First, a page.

Twitter Fights Back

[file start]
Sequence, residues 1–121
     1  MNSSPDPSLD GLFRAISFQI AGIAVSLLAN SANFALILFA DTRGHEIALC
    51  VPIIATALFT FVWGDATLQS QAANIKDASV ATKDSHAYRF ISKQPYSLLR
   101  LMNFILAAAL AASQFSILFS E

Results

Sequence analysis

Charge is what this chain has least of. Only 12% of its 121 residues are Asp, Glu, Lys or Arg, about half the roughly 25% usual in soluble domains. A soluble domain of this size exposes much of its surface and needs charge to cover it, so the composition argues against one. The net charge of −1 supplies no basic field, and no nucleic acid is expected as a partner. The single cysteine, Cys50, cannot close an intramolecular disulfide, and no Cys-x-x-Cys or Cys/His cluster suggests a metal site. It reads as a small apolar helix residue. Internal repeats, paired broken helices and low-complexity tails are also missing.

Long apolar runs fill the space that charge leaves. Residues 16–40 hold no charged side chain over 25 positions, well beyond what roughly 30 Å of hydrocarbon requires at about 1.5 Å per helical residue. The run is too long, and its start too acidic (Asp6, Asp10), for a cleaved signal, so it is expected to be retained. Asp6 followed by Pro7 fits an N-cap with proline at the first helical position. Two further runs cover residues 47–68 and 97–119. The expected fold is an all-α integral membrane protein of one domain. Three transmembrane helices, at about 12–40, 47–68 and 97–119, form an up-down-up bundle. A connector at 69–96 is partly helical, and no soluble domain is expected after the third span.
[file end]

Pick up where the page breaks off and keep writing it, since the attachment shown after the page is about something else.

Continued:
I posted this piece on April 25, about a motion to quash filed by an Occupy Wall Street protester who was trying to block a subpoena for certain of his tweets that the prosecution claimed it needed to bolster its disorderly conduct case against the protester. The court denied the motion to quash, in part because it found that the protester lacked standing, since, according to the court, he lacked any proprietary or privacy interest in the material. Now Twitter has joined the fight, with its own motion to quash. Twitter makes two points – first, that according to its own terms of service, users “retain [their] rights to any Content [they] submit, post or display.” So the court’s finding that the protester lacked an interest in the content is simply not accurate. Twitter’s other argument is that by denying the user the ability to challenge the subpoena, it shifts that burden to Twitter. And given the sheer volume of Twitter users, that means Twitter would likely be fighting these battles every day under the court’s theory. Twitter’s brief makes for compelling reading. We’ll need to wait for a decision from the judge to determine if it was effective.